Trials. 2021 Jul 26;22(1):493. doi: 10.1186/s13063-021-05454-8.
BACKGROUND: Contextual effects (i.e., placebo response) refer to all health changes resulting from administering an apparently inactive treatment. In a randomized clinical trial (RCT), the overall treatment effect (i.e., the post-treatment effect in the intervention group) can be regarded as the true effect of the intervention plus the impact of contextual effects. This meta-research was conducted to examine the average proportion of the overall treatment effect attributable to contextual effects in RCTs across clinical conditions and treatments and explore whether it varies with trial contextual factors.
METHODS: Data was extracted from trials included in the main meta-analysis from the latest update of the Cochrane review on “Placebo interventions for all clinical conditions” (searched from 1966 to March 2008). Only RCTs reported in English having an experimental intervention group, a placebo comparator group, and a no-treatment control group were eligible.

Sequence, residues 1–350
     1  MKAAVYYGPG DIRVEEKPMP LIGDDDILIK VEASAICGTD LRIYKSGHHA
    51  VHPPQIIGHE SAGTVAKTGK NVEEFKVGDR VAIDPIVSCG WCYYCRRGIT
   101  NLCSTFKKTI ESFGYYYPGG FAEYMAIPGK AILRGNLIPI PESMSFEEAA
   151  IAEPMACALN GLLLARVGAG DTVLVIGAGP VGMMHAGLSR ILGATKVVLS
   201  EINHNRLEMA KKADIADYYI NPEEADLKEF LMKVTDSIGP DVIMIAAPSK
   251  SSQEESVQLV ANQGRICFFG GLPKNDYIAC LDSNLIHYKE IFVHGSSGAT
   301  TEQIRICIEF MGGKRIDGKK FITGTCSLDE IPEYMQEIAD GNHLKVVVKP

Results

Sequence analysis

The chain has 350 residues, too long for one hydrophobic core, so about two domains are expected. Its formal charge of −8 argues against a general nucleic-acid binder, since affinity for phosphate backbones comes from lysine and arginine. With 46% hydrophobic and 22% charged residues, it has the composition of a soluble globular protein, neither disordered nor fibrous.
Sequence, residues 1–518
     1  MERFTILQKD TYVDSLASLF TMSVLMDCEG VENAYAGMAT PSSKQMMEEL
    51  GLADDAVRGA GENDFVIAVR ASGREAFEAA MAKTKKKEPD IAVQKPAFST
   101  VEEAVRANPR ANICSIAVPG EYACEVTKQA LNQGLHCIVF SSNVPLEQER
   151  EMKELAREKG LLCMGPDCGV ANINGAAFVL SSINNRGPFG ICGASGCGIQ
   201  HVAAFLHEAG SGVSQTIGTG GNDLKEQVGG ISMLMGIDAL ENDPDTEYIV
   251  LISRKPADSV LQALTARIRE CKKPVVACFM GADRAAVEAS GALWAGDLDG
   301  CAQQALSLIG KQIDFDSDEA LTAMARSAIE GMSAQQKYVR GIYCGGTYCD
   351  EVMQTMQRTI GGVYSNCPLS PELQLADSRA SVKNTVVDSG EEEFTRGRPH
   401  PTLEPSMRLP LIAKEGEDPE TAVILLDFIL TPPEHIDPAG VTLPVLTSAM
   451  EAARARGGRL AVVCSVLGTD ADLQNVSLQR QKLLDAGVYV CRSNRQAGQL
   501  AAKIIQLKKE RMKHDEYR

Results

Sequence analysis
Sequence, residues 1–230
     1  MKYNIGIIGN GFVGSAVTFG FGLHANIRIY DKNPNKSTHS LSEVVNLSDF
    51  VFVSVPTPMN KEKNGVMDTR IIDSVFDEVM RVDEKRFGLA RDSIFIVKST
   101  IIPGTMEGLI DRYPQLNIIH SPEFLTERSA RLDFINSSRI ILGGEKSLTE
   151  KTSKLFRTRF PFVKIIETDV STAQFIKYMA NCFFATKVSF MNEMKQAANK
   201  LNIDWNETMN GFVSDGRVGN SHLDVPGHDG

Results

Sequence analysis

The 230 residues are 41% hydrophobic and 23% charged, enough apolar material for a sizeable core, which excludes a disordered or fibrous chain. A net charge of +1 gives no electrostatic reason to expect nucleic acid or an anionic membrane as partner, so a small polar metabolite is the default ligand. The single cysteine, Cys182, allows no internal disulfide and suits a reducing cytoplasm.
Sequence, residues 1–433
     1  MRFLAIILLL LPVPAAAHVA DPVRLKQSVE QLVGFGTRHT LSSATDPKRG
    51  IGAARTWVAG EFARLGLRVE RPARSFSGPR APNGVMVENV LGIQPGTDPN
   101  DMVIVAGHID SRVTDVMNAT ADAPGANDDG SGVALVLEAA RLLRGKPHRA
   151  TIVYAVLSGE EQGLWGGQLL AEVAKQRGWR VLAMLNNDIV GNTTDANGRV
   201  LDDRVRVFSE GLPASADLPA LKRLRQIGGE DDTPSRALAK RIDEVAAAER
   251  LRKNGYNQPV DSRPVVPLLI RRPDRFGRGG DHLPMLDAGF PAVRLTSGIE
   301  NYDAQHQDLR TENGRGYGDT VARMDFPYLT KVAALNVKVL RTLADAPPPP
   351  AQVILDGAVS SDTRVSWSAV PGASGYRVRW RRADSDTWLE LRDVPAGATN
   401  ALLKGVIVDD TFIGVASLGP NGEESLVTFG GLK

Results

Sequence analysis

RESULTS: In total, 186 trials (16,655 patients) were included. On average, 54% (0.54, 95%CI 0.46 to 0.64) of the overall treatment effect was attributable to contextual effects. The contextual effects were higher for trials with blinded outcome assessor and concealed allocation. The contextual effects appeared to increase proportional to the placebo effect, lower mean age, and proportion of females.
CONCLUSION: Approximately half of the overall treatment effect in RCTs seems attributable to contextual effects rather than to the specific effect of treatments. As the study did not include all important contextual factors (e.g., patient-provider interaction), the true proportion of contextual effects could differ from the study’s results. However, contextual effects should be considered when assessing treatment effects in clinical practice.
TRIAL REGISTRATION: PROSPERO CRD42019130257 . Registered on April 19, 2019.
PMID:34311793 | DOI:10.1186/s13063-021-05454-8
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